24 January 2003
Sights of Armenia
Human rights training seminars are being held throughout the more remote regions of Armenia. (OSCE)
More attention for human rights
Presenting documentary movies and televised talk-shows to people that otherwise would never be able to see them, is at the core of the OSCE's public awareness campaign on human rights in Armenia. "People watch these films much more attentively at public meetings than at home in front of a television set", says Ashot Mkhitaryan, the project co-ordinator. "This also gives them an opportunity to ask questions after the public screening. I am persuaded that this is the right way to educate and to explain human rights in Armenia".
"We began with the project in Yerevan, but since 2002 we are targeting Armenia's more remote regions", explains Natalie Avetyants, the project's public awareness officer. "The situation there is not like it is in the capital, where the citizens have a better idea about their rights. It is in the regions where the need for information on human rights is the greatest".
A successful project meeting a need
The project, which has existed since 1999 and is the continuation of an initiative by the OSCE's Office for Democratic Institutions and Human Rights aimed at producing a total of 22 films and talk shows on various aspects of human rights for screening on national TV, has been a great success in Armenia. The topics of the documentaries vary; they include rights of detainees, soldiers, women, children, prisoners, national minorities, as well as trafficking in human beings. The participants at the public screenings can choose beforehand what film they wish to view, and an expert is always on hand to explain the background and answer questions after the viewing.
"We found out that many people had not seen these films on national TV at all", says Ashot. "Every time we showed them, the participants had so many questions, and 95 per cent of them have said that they would even participate every month in these meetings. Many also want to maintain contacts with us and consult us later."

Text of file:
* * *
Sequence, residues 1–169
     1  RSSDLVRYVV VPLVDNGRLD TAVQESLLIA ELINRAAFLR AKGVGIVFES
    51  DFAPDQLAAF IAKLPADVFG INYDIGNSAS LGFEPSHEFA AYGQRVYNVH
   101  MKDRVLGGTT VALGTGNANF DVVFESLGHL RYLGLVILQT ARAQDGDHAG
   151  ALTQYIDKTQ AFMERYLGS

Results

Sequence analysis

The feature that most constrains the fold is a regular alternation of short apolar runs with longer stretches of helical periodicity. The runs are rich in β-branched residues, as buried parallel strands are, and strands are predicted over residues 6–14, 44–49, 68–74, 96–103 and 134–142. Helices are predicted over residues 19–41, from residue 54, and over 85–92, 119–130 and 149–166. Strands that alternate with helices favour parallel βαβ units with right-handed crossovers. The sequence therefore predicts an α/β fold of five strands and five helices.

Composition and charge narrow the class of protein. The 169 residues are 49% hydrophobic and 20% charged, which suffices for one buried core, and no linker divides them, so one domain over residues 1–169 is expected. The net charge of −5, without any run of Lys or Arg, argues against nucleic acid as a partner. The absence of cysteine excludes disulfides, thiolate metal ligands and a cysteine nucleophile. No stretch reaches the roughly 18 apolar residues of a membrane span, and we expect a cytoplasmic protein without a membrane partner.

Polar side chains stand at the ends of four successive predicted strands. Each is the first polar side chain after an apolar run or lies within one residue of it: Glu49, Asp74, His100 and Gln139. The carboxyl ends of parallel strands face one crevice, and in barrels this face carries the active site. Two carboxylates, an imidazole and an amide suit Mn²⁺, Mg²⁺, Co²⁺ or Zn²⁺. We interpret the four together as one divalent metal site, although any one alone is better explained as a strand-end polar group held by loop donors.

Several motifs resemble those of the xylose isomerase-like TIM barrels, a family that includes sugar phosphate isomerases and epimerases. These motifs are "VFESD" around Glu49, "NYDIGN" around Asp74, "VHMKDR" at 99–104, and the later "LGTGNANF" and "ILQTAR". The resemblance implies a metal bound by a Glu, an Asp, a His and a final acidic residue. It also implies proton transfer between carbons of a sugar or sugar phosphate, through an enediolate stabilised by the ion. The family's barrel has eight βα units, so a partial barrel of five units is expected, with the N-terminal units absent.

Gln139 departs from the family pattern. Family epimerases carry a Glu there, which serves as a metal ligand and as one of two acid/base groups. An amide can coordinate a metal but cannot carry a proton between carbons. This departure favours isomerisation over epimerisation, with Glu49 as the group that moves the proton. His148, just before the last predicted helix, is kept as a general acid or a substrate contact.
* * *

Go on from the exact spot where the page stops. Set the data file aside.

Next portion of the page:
Human trafficking increasingly a problem in Armenia
Ashot emphasizes that one of the main points of these meetings is to convey information that is exact and concrete. "We want to inform people about the legal situation and where to obtain more information; who to call", he says. "Many questions we receive after the screenings are very typical for post-Soviet societies. People ask very often why the State or the police is not doing this or that. And they also want to know how to protect their own rights - where to apply for certain things, where to receive help with a human rights problem. So we try to link them up with non-governmental organizations or the legal aid associations, which provides human rights consultations free of charge."
"The films most in demand at the public awareness meetings are usually those on detainees rights - because we have a number of human rights violations in Armenia related to the law enforcement bodies - and soldiers rights.
Another topic which is becoming more relevant is that of trafficking in human beings, which seems to be a developing problem. Armenia does not have an anti-human trafficking law, and people are completely uninformed about this issue. For many this was shocking news, that human trafficking can affect people in their own neighbourhood."
Both Ashot and Natalie agree on the importance of this initiative for Armenia. "It has grown into my personal project, and I understand that so many people still need to learn more about this", says Ashot. Natalie concurs: "This is very close to the people, and that's why it is needed".